Human-building collaboration: a case study on lighting enabled collaborative system design

Varsami, Constantina
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Karlicek, Robert, R
Shelden, Dennis, D
Leitão, Carla, C
Rosenberg, Daniel, D
Pinochet, Diego, D
Tsamis, Alexandros, A
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Building automation systems have gained increased attention by means of their ability to improve building performance. They increasingly rely on cutting-edge technologies, sensors, and the Internet of Things to autonomously detect changes and adapt to their surroundings. Consequently, contemporary lighting systems have similarly evolved into context-aware entities that react to occupant motion or changes in ambient lighting, acknowledge user preferences, and personalize lighting solutions. This trend requires that lighting designers incorporate into their design logic ideas of automation, dynamic controls, and user-system interaction. Previous investigations have explored the design of interactive, adaptive, and self-optimizable lighting systems. They have also addressed matters of spectrally tuning lighting using numerical optimization techniques and have formulated design considerations for interactive lighting. Nonetheless, holistic methodologies for designing intelligent systems and comprehensive guidelines for assembling system components are scarce. In an attempt to further the profession of lighting design and help designers navigate the shift from conventional to interactive lighting design practices, in this doctoral dissertation a holistic computational framework is proposed that cohesively addresses the design and evaluation of digitally programmable lighting systems. Specifically, this dissertation establishes: (a) a computational framework for designing systems that sculpt light, delivering activity tailored illumination where and when needed, (b) the levels of user-system interaction that may be attained as well as the minimum hardware requirements to accommodate them, (c) a method for evaluating the resulting systems virtually (real-time & offline simulations) and physically (hardware, testbed), and (d) a simulation platform developed in a gaming engine to accommodate real-time lighting simulations. In addition, it presents (e) three implementations that demonstrate how the framework may be applied to synthesize systems that comply with each of the discussed levels of interaction and (f) two additional implementations that demonstrate how the framework may be universally applied in any space and with any digitally programmable lighting hardware. The results of the study suggest significant potential for improving system performance and autonomy as well as user experience and wellbeing in scenarios requiring task-specific and context-adaptive lighting. The associated affordances and limitations are discussed considering existing interactive and autonomous system design frameworks.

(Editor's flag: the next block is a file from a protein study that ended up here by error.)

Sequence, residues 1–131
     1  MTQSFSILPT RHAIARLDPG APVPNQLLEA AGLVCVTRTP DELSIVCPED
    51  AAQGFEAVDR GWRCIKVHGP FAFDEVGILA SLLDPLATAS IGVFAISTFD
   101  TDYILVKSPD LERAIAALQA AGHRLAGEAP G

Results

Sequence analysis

School of Architecture
School of Architecture
Rensselaer Polytechnic Institute, Troy, NY
Rensselaer Theses and Dissertations Online Collection
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